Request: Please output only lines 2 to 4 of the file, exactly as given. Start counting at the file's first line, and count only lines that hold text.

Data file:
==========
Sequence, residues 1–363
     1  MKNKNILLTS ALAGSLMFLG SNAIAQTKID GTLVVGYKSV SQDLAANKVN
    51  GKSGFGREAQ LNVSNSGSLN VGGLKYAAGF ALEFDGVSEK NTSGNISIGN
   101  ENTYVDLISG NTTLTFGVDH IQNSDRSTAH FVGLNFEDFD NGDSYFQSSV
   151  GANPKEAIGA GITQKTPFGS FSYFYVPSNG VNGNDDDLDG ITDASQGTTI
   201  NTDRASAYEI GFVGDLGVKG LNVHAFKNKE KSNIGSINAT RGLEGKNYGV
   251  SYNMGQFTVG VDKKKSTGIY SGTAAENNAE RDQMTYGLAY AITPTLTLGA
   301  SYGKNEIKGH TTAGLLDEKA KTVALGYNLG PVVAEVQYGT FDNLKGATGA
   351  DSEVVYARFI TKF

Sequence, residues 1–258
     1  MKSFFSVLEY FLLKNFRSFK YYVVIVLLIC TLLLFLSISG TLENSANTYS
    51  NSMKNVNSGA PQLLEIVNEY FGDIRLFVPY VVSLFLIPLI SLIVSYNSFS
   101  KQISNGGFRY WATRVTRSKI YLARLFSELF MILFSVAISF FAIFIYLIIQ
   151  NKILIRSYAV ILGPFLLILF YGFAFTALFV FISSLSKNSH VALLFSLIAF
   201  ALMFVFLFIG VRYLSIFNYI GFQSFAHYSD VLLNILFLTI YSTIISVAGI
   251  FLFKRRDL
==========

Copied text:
     1  MKNKNILLTS ALAGSLMFLG SNAIAQTKID GTLVVGYKSV SQDLAANKVN
    51  GKSGFGREAQ LNVSNSGSLN VGGLKYAAGF ALEFDGVSEK NTSGNISIGN
   101  ENTYVDLISG NTTLTFGVDH IQNSDRSTAH FVGLNFEDFD NGDSYFQSSV